|Plague and the Black Death in Mallorca
Chroniclers mention an outbreak of plague
with the Conquest of Mallorca, possibly a result of the slaughter inflicted on the inhabitants after the Palma seige was
broken, but there is no further mention until the most deadly one of all, the Black Death, spread
across Europe in 1348.
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Mallorca, an island on a busy trade route,
was one of the first places in Spain to be affected by the Black Death. In April, Pedro IV rather optimistically instructed
the Island government to take steps to prevent further spread of the disease. There was little that could be done,
however, and one writer puts the number of deaths at fifteen thousand in a single month. Another chronicler
suggested that the total loss was almost 80% of the population. By 3rd May, the Mallorcan government was complaining
that the Island was so weakened by disease that it was unable to defend itself against attacks by pirates and the Bey of
Tunis. Pedro IV promised to send some galleys but insisted that Mallorca should pay half the cost! This was to be the
beginning of 150 years of intermittent outbreaks which would devastate and weaken the Island population. In 1343,
Mallorca had a population of 11,283 and by 1349 it was 9,164. 19% of the population died, unequally distributed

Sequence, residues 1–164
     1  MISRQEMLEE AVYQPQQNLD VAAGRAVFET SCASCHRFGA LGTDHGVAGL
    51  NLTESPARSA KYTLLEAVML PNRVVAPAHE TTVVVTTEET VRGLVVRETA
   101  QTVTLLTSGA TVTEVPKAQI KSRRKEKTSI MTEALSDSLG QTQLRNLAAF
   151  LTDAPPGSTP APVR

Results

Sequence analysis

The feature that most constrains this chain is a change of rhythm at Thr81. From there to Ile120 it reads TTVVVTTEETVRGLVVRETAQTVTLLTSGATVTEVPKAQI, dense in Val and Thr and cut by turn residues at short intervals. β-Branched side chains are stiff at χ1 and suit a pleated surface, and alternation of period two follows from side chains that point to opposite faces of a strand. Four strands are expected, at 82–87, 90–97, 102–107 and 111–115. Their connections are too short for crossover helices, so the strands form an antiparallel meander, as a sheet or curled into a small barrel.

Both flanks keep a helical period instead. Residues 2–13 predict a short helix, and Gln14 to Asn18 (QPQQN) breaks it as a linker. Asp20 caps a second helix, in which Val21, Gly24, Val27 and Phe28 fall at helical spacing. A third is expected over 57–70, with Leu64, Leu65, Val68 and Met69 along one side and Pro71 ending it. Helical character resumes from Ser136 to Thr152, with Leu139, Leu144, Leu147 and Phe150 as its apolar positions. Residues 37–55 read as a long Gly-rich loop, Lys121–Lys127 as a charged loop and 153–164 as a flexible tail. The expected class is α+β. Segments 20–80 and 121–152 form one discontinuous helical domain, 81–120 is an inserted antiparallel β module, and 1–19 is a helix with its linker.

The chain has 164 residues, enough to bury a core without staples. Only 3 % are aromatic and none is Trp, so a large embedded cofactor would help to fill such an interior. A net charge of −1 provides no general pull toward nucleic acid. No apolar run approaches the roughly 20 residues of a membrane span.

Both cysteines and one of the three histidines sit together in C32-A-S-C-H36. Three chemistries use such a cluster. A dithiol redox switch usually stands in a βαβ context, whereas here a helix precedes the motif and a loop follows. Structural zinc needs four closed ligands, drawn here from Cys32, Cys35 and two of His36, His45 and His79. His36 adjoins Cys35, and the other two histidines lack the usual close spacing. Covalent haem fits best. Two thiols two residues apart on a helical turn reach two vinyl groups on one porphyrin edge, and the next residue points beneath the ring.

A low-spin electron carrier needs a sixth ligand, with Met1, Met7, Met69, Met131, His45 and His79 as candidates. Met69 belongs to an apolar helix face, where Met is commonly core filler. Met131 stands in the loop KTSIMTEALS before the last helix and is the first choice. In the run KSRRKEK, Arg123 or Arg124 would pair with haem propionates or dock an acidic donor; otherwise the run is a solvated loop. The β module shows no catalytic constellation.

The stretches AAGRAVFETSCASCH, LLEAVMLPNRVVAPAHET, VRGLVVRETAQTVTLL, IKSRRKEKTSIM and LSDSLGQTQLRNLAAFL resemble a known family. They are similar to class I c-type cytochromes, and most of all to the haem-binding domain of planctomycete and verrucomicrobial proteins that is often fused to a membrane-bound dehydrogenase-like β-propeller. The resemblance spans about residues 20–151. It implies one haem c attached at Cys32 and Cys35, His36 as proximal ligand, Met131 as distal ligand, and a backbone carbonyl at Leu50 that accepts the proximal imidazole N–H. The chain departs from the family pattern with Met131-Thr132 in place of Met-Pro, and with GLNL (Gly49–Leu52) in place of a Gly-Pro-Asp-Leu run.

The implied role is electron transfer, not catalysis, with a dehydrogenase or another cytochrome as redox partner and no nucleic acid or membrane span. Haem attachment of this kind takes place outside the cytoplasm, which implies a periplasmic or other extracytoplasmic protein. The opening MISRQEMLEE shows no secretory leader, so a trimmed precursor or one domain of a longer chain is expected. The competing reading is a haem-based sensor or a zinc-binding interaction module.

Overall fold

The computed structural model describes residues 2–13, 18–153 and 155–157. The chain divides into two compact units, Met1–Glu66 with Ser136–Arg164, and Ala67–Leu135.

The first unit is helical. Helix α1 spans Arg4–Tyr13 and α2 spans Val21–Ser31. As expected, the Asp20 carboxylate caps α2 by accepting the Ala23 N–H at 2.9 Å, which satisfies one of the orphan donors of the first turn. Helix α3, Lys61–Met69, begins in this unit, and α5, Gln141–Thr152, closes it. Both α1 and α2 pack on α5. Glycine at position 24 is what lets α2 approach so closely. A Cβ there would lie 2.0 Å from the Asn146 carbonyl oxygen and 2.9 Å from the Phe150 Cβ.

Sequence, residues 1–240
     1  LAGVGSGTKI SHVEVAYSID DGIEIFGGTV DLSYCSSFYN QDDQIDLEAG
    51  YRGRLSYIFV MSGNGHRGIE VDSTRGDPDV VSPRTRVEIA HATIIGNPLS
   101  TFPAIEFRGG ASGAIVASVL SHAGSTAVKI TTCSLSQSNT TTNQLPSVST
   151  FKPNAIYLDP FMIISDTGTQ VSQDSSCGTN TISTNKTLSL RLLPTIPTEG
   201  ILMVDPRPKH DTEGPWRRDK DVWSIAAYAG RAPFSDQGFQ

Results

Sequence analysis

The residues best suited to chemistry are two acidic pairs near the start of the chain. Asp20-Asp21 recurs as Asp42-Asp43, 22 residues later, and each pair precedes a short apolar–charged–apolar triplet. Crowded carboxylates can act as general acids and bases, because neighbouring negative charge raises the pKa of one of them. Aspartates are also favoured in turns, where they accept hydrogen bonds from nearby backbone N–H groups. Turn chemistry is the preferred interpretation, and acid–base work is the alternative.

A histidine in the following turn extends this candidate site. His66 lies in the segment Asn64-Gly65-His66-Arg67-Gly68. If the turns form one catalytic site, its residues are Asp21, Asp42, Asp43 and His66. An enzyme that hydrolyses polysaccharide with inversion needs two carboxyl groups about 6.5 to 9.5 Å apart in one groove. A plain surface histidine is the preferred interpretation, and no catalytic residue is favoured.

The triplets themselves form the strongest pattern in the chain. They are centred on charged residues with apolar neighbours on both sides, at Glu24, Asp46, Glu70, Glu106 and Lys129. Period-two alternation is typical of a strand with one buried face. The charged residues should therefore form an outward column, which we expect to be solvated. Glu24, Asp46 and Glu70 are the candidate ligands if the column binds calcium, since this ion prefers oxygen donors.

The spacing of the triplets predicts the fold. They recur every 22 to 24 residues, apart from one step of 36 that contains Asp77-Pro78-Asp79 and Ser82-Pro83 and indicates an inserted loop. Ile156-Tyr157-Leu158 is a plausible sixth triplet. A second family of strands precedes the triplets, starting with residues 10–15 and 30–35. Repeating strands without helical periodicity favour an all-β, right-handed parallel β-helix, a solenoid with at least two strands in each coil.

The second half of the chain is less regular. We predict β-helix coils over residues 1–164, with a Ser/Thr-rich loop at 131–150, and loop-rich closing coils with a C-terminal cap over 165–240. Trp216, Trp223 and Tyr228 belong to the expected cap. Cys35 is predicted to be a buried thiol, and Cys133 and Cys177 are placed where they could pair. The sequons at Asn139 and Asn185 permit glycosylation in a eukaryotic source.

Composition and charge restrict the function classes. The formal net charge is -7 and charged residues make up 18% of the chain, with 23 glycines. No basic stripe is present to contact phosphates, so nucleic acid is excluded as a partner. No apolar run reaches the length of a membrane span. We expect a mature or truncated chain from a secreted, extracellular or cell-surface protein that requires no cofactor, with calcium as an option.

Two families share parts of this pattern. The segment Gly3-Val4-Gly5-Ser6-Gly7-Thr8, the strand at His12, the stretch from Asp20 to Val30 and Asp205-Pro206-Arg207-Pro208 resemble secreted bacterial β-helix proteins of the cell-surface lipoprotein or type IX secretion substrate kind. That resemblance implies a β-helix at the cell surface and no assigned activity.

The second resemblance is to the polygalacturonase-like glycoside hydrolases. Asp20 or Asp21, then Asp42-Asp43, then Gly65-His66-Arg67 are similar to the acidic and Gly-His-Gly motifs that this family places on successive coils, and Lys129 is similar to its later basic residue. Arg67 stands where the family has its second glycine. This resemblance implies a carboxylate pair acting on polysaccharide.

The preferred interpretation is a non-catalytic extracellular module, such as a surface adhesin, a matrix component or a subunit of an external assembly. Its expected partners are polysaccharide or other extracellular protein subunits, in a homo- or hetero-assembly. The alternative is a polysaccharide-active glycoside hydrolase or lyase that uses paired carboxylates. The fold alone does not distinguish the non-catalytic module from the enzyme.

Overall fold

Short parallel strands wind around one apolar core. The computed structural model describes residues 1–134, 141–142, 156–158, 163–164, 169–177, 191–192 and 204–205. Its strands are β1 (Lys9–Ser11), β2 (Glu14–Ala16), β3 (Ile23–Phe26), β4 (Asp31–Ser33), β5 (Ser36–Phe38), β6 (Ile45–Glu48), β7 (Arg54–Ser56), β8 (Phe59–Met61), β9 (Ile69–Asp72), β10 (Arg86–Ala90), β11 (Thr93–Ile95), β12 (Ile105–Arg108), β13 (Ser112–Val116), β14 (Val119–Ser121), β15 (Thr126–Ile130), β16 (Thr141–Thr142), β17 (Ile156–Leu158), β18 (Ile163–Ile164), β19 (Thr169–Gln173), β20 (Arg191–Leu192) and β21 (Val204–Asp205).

through the Island, with 10.25% in the urban area and 23.7% in the country. Bunyola lost 70% of its population,
Santa Maria del Camķ 46%, Calvią 43%. In Palma, Santa Euląlia was one of the areas most badly affected, losing some
17-22% of its inhabitants.
The Government of Mallorca was instructed
to send troops to defend the even more depopulated Minorca against enemy attack.
This plague affected children most of all.
A milder variant.
An edict was published forbiding the disembarkation
of travellers and merchandise from areas with plague.
Pesta d'en Boga - Boga was the name of a sailor
thought to be the carrier of the disease.
Saint Sebastian proclaimed patron saint
of Palma following the miraculous end to the 1523-1524 plague on the arrival from Rhodes of an arm bone of the saint.
An epidemic spread from Valencia (1648) Catalonia
(1649-53) via Sóller spreading to Palma . Of the 90,000-100,000 inhabitants, some 14-1500 died of which 9,000 were in Palma.
Inca and Sóller were badly affected as was Alarņ, Petra, Selva and Sineu, where there were more than one hundred deaths.
Like the rest of Europe, plague practically
disappeared in Mallorca during the last half of the XVIIIth century although isolated outbreaks continued into the second
half of the XIXth century. However, Bubonic plague attacked Artą, Capdepera and Son Servera leaving 1,267 dead in Artą and 1,040 dead in Son Servera.